When you have lived 81 years you have seen it, heard it, and done it – whatever “it” may have been at that time. History Repeats Itself is a quote used to make a point that what we are experiencing in the moment has happened before in like events or circumstances.
The current Coronavirus pandemic is creating panic with closures of schools, churches, businesses, etc due to no vaccine to prevent or control this virus.
During the 1950s, poliomyelitis was at its peak across the USA, with iron lungs the only device to help those who could not breath on their own to live. Photos of children in these huge machines with only their tiny heads visible were splashed across billboards, in magazines, and March of Dimes brochures. Those who survived polio had to wear leg braces and use crutches.
News from Wharton’s newspaper 1950-53 editions and includes fight against Tuberculosis:
December 8, 1950: New polio cases are up in Texas, 20% increase over 1949. To date 2,684 cases reported and may reach over 3,000. Texas among the hardest hit and has received over $300,000 from the National Foundation for Infantile Paralysis [polio].
January 12, 1951: Two Wharton polio patients are in Jeff Davis Hospital in Houston. It is hoped Frederich Ullman and Anita Fretz can come home for Christmas.
April 13, 1951: Wharton County’s TB Mobile X-ray unit has completed a total of 3,548 x-rays of county children at all schools with 38 suspicious TB infections and 29 with other pathologies. LULAC asked to contact non-citizens in the Hispanic community to have this service provided.
June 22, 1951: Sheriff Lane led the race to Jeff Davis hospital to get 4-year old son of Elmer F. Peterson for treatment of suspected bulbar polio. As the boy was in critical condition, the cars drove at speeds up to 85 mph on Hwy 59 and 70 mph down Main Street in Houston. With Mrs. Peterson holding Gary in her lap, the caravan made the 75 miles in only 65 minutes.
July 15, 1951: El Campo VFD has an emergency vehicle to be used for transporting polio patients needing Houston’s hospitals. It contains a portable iron lung ($1,2000), E&J resuscitator ($621), 2 Scott airports ($187), stretcher ($90), First Aid Kit and fire extinguishers This 1950 panel auto is fire engine red with lights, siren and 2-way radio.
October 5, 1951: Wharton County Fair drew large crowds and they responded to presence of the TB mobile unit offering free chest x-rays. 1950 only 486 persons took advantage of the service but this year 939 x-rays were made.
December 7, 1951: Odessa Texas closed all businesses in an effort to halt polio siege there which struck 68 of the city’s 30,000 residents in less than 30 days; 9 have died. Church holiday activities cancelled; although schools are open, few parents are sending their children as most of the newest victims are children.
January 1952: Mother’s March on Polio is January 31st with over 100 moms walking and driving through neighborhoods collecting your donations to fight polio. Turn your porch lights on to signal you want to be a donor.
February 15, 1952: George W. Boerger, 32, diagnosed with polio and transferred to Jeff Davis Hospital for treatment.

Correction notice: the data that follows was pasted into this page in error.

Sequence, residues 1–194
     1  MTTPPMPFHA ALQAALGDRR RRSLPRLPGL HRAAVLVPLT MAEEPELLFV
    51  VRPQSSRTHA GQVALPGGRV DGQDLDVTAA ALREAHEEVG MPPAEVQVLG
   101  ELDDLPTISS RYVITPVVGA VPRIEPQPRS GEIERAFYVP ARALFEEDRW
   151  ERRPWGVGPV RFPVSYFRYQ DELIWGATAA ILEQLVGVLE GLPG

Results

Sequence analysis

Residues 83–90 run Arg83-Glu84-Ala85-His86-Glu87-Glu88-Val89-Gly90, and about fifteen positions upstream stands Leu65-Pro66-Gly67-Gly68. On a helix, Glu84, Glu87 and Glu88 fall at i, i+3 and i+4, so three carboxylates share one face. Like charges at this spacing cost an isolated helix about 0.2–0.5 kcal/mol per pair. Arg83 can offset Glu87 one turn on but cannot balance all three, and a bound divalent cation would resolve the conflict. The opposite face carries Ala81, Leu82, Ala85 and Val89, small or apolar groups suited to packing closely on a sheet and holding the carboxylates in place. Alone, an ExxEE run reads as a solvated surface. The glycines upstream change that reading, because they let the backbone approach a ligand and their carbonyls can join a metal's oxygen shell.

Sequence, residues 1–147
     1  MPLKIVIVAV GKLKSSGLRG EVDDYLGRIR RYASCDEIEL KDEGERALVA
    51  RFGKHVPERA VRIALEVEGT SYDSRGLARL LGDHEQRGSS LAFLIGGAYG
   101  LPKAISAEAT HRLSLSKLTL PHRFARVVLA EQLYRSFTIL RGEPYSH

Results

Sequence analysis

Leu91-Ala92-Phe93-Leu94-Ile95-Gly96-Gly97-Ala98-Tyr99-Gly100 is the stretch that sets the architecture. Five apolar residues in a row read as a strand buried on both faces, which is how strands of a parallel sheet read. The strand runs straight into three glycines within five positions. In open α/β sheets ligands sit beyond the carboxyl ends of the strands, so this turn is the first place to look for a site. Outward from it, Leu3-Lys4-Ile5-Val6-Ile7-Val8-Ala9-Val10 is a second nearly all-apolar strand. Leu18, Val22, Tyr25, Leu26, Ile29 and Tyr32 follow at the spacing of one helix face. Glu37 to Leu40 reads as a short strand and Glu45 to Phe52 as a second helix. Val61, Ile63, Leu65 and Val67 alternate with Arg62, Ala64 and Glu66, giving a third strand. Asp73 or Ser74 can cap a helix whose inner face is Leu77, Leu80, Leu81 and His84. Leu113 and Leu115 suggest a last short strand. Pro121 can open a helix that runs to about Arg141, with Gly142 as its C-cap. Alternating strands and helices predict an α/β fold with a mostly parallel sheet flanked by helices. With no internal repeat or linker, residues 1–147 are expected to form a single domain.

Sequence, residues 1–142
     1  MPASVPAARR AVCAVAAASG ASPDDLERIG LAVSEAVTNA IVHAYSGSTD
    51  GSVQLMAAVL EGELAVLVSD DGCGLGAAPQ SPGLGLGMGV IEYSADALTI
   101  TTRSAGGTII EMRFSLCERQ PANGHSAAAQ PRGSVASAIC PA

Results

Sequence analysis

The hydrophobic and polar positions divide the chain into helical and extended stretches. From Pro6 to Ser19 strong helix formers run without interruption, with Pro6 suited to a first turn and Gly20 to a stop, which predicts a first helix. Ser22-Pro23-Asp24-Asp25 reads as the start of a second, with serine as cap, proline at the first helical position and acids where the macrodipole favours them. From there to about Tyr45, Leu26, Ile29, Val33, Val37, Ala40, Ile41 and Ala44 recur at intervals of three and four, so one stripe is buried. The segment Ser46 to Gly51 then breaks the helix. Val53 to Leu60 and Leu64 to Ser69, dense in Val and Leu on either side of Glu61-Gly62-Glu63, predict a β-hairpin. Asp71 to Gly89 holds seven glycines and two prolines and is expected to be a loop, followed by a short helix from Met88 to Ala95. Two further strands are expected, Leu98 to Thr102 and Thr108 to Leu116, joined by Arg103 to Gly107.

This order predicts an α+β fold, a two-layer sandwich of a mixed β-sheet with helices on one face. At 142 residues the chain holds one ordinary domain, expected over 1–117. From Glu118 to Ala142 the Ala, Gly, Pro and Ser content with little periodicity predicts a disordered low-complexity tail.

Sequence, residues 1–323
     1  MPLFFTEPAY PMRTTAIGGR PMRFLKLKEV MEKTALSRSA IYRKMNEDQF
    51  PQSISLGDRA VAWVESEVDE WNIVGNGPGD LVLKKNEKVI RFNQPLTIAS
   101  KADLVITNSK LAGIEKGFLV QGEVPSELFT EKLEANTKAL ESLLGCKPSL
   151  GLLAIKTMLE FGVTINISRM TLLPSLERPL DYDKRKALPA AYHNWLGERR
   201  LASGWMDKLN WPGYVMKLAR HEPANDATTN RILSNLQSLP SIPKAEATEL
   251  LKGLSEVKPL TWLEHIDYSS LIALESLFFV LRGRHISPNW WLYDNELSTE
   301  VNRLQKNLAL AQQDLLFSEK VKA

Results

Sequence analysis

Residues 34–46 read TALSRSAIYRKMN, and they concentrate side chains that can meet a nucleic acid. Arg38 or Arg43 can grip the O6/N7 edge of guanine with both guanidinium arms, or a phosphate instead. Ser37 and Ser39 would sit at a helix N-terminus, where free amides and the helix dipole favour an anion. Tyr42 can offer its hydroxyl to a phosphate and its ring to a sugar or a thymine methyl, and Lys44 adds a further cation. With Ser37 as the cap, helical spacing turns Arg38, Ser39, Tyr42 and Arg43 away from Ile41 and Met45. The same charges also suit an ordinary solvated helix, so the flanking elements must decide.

June 20, 1951: City of Wharton authorized Ragen’s Pest Control to spray the city with DDT dust in combination with other pest control insecticides to ward off a polio epidemic in Wharton. Treatment will kill flys, fleas, mosquitos, and other disease bearing pests. County commissioners made arrangements for their districts to be sprayed to keep polio from gaining a firm foothold. Town of Moulton is in epidemic mode. Christine Meyer, 20, of Needville, nurse at Rugeley & Blasingame Hospital was diagnosed as having polio.
August 1, 1952: Wharton doctors advised City Council to close the city swimming pool as precautionary measure. The pool itself may not be contributing to spreading polio by bathers nor does swimming help spread the disease, but closing is advisable as Michael Crump and Virginia Lou Crawford, who recently patronized the pool, are the latest polio victims.
September 28, 1952: Tuberculosis Fund Drive to be conducted Sept 8-13 by Wharton County TB Assoc. the only voluntary health agency in Wharton County. TB is #1 killer of those ages 15-35. Stats show 11 persons in Wharton County died of TB during 1951 of the 44 known cases; 20 new cases during 1952 with 7 deaths. 100% of all donations stay in Wharton County. TB is preventable and curable – donate today.
July 1952: Wayne Klingsporn, 11, Wharton’s latest polio victim. He entered Caney Valley Hospital with a high fever and rushed to Hedgecroft Hospital in Houston for treatment. His legs are now paralyzed. Darrell Janecka, age 4 of Needeville, dies in Wharton hospital after suffering from polio for 5 months.
December 12, 1952: Wharton County TB Assoc made 2,887 chest x-rays during 1952; 185 were “confirmation” of the disease and asked to get a larger x-ray. Of the 185, 20 were to be sent to a TB sanitorium; of the 20, 16 were admitted and 2 died prior to admission and 2 still waiting for available room. Wharton County had 12 TB deaths and 36 new cases in 1952, but only represent known cases; many too scared to get x-rayed.
January 16, 1953: Texas State Health Dept reports Wharton the only city on the Colorado River that still dumps raw sewage into the river. A disposal plant is needed as the fly problem there is above average and they could be spreading polio, dysentery and other death dealing diseases. Wharton’s garbage disposal and storage system needs to be dealt with and numerous outhouses still exist within the city limits. East Bernard has its own disposal plant and proper garbage containment making its sanitation systems far above that of Wharton’s.
Merle Hudgins is Wharton County’s official historian.